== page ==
I love my school for so many reasons. Just this morning, I received an email that provided me with yet another reason. The email was sent to the entire Upper School student body, and I was copied. It was an email rich in design thinking. It was an email full of trust that honors the wisdom of the “student.” It was an email full of promise for the depths of design – at the intersection of creativity and functionality.

Design thinking is people-centered problem solving. It is fundamentally concerned with and connected to the users of the things being designed. It is full of empathy and creative, critical thinking applied to real-world issues and challenges.

The most ambitious school leaders are serious about the design of “school.” How could one not be in our current era – to continuously think, design, and act for the best learning experiences for our learners. To give anything less than such critical attention would be unthinkable. Even if one determined to leave school “as is,” it would be superb if such decision making stemmed from thoughtful research and design, rather than status quo or de facto operations.

So, here’s the email. What a glorious invitation. How grateful I am that such is commonplace where I work and learn!

All,

I hope you all had a great weekend.

If you would like to help us design school for the “Experiment” and “Produce” phases of the projects, we need your ideas and help.

I invite you to join me either for lunch Wednesday or for breakfast Friday (on me) to discuss how we might best design the school day to position you for success.

Click here to sign up. [active link in original email]

There are only 50 available slots this week, and there will [be] more opportunities in the near future.

Enjoy your day,

Tyler S. Thigpen

@tylerthigpen

Head of Upper School

Mount Vernon Presbyterian School

#FSBL, #YesAnd, #DTk12, #MVPSchool

#FSBL –> #YesAnd –> #DTk12 –> #MVPSchool

HOW MIGHT WE weave together: 1) a blog post about student-driven learning, 2) explorations by a father and two sons, and 3) two incredible educators working to blur the lines between “school” and “real life?”

  1. For me, a wonderful convergence happened today. First, while reading this morning, I benefitted mightily from “Start with Why: The power of student-driven learning” by Shelley Wright.
  2. Start with Why: The power of student-driven learning plpnetwork.com/2013/06/21/sta… via @plpnetwork & @wrightsroom #MustRead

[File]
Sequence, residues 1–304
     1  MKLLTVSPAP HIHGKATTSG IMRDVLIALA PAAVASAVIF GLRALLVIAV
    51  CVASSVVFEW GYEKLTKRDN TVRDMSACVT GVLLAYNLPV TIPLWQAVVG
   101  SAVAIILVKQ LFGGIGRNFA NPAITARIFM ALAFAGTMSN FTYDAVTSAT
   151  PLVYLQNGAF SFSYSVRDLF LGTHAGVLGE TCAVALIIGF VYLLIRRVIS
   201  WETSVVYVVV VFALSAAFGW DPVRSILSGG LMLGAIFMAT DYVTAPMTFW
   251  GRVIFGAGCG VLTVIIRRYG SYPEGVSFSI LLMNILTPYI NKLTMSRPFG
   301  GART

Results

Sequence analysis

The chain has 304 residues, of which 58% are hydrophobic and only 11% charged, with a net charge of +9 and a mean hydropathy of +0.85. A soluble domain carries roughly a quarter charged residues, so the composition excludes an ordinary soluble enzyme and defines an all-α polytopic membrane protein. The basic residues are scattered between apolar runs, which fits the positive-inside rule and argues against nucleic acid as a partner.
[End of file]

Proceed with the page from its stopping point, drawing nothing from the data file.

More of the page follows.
3. Then, my two sons and I embarked on a Father-Son-Based-Learning journey to Sope Creek Park. Near the end of that trip, I highlighted one of the posts from our adventure for @SciTechyEdu. In exemplary improv and design-thinking form, she “yes-and’ed” me. Beautifully, another extraordinary team member of mine from Mount Vernon chimed in with more “yes-and’s.” Now, we have the nucleus of a pretty amazing opportunity for unifying and integrating curriculum and instruction around a core idea of natural area surrounding our school and the water-based challenges we face as a community.
  4. Here’s the #FSBL – in 9 quick auto-posts that are generated when my sons and I create an #FSBL observation-journal entry.
  5. Exploring Sope Creek Park #FSBL wp.me/p3fWuN-bT57V
  6. Learning to navigate & map read #FSBL wp.me/p3fWuN-bT57Z
  7. Sibley Pond, Sope Creek Park, #FSBL wp.me/p3fWuN-bT58b
  8. Info board. Natl Park Service. #FSBL, @scitechyedu wp.me/p3fWuN-bT58r
  9. And here’s where Mary joins in our learning journey and expands the potential of a future project/challenge exploration…
  10. Yes plant & animal id, geocaching, trail maint. &… RT @boadams1: Info board Natl Park Service #FSBL, @scitechyedu wp.me/p3fWuN-bT58r
  11. And here’s where Chris jumps in and expands the opportunity and potential even further…
  12. @boadams1 @scitechyEDU YES and include water table info; explore h2o rights, too
  13. @chrisandres003 Yes! And could write to Upper Hooch River Keepers, apply for grant, etc. @scitechyEDU
  14. @boadams1 @scitechyEDU YES and design water usage/conservation plan for MVPS, S. Spings, etc.
  15. Mary connects our ideating to a resource from Stanford d.school…
  16. @chrisandres003 @boadams1 look at this H20 design thinking challenge stanford.edu/group/d-loft/c…
  17. And she moves to implementation by moving us to “WHEN & WHERE.” This moves ideas to action.
  18. @boadams1 @chrisandres003 I will b in i.Design lab all next week workin’ & strategizing on the ZBoards… Swing by…
  19. And Chris commits to joining such implementation and #ActionEd…
  20. @scitechyEDU @boadams1 love where this is going! I’ll try and swing by Monday. Name a time
  21. For me, this is an incredible example of how a simple commitment to community exploration and discovery (#FSBL) can connect with other ideas and possibilities for reimagining and recreating school. Together, I believe Mary, Chris, and I (and others) will make something happen from this ideation. It is this openness and exuberance and design-mindedness that makes me so excited to work with #MVPSchool faculty and leadership. For me, Mary and Chris translated ideation into innovation. Thanks, you two!